6. oldvinyldude

    oldvinyldude AK Subscriber Subscriber

    Messages:
    1,648
    Location:
    Buckeystown Maryland
    On the belt-it's hard to say how loose they should be. I would be tempted to take a cloth with a modest amount pinch roller cleaner and carefully move belts through the cloth to clean them. It's tedious work, being careful not to stretch the belts in the process. Also, clean the metal surfaces where the belts run with isopropyl alcohol, but keep the iso away from the rubber.

    Pinch rollers should be pretty hard-but the surface needs to be 'grippy', not glazed\overly smooth.

    Even a spotless deck will likely have corrosion caused by being exposed to the atmosphere, over time. VinceInMT is dead on about switches and getting them clean. It can be quite a task if buried and no openings to get the cleaner to the contacts.

    One trick I use to keep the cleaner from getting where it's not desired-stuff an appropriate amount of paper towel around area to be sprayed. I also got some very long flexible straws to make things easier.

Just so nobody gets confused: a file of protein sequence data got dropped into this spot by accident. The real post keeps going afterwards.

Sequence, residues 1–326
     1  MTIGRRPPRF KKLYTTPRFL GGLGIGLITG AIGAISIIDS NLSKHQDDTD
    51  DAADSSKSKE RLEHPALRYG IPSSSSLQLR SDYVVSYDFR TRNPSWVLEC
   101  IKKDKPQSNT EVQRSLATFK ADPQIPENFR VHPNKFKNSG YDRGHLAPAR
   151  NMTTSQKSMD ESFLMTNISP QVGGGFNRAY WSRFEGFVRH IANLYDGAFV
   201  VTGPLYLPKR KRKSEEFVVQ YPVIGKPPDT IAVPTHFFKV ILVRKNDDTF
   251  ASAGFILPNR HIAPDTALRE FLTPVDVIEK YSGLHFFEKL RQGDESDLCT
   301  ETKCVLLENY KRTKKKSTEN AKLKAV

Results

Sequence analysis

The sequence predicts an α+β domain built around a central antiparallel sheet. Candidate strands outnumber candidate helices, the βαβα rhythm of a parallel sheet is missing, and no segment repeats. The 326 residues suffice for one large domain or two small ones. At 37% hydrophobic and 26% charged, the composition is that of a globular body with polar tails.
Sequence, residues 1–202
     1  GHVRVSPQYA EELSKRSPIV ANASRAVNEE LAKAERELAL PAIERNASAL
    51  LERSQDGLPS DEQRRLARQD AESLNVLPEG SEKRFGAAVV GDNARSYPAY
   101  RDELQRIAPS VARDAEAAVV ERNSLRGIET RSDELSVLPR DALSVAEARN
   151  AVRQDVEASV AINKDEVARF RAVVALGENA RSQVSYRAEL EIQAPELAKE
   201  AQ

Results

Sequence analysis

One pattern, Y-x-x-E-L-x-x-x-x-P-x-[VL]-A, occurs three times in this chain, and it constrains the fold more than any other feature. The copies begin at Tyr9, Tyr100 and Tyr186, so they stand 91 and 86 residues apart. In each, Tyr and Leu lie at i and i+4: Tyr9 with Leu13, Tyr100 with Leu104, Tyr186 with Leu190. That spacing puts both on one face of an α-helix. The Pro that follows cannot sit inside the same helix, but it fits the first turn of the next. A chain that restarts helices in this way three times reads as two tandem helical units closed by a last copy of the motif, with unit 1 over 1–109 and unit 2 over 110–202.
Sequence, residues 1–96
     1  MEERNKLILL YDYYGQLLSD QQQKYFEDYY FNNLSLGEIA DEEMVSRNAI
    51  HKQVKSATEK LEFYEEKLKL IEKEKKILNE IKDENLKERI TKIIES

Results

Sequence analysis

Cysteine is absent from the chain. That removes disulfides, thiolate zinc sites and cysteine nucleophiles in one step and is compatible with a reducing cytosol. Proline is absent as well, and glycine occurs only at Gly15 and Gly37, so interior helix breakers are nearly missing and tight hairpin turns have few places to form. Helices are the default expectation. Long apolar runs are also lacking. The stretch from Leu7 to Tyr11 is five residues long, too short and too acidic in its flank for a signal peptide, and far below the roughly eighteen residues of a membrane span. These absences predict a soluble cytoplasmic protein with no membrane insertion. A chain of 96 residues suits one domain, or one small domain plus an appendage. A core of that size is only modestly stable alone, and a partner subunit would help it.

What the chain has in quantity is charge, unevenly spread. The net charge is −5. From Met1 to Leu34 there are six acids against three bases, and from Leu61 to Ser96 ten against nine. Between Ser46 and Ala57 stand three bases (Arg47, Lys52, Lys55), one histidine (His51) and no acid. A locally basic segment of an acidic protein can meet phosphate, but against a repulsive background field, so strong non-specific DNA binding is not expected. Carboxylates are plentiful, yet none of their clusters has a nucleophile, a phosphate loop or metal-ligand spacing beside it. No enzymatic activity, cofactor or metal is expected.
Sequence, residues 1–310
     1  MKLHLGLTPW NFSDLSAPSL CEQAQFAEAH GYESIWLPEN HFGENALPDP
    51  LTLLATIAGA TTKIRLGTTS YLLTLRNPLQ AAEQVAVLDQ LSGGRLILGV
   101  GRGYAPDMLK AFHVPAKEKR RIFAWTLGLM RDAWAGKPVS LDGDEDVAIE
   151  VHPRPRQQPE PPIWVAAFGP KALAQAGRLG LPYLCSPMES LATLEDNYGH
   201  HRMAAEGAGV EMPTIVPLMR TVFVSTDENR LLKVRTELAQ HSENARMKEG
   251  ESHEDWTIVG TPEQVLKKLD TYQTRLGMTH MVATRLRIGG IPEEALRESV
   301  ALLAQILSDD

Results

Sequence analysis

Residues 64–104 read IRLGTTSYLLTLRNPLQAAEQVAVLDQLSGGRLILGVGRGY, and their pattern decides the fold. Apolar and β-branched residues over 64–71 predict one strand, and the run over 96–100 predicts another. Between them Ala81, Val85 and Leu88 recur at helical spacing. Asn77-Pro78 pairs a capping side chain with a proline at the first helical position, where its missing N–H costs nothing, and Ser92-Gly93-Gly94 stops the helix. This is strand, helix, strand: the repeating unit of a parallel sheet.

Another trick, I sometimes tape the straw to my index finger and "point" to the spot I need. The other hand I can then use to hit the spray button on the can.
     
    Last edited: Oct 10, 2018

     

    Please register to disable this ad.

  7. MRL_Audio

    MRL_Audio AK Subscriber Subscriber

    Messages:
    5,858
    Location:
    St. Chuck, MO
    Why is that? Plenty of folks use that to clean rubber with.
     
  8. oldvinyldude

    oldvinyldude AK Subscriber Subscriber

    Messages:
    1,648
    Location:
    Buckeystown Maryland
    Some folks fear using iso to clean rubber. Did not want to get that debate going....
     
  9. BilboBaggins

    BilboBaggins AK Subscriber Subscriber

    Messages:
    3,492
    Location:
    Ottawa, Canada
    I would start by spraying deoxit into all the controls you can get at. The record adjustments, the output adjustment if present, and any other switch of knob with contacts. Great idea about taping the nozzle to your finger! :thumbsup: I’ll have to try that! Clean the playback and record heads and pinch rollers with alcohol. The belts should have good tension and spring back when stretched a little immediately. Expect to have to replace them, if not now, in the next few years. The other rubber parts are more challenging to get. Some can be rebuilt though. Keeping a cassette deck running requires a willingness to do some McGyvering.
     

Share This Page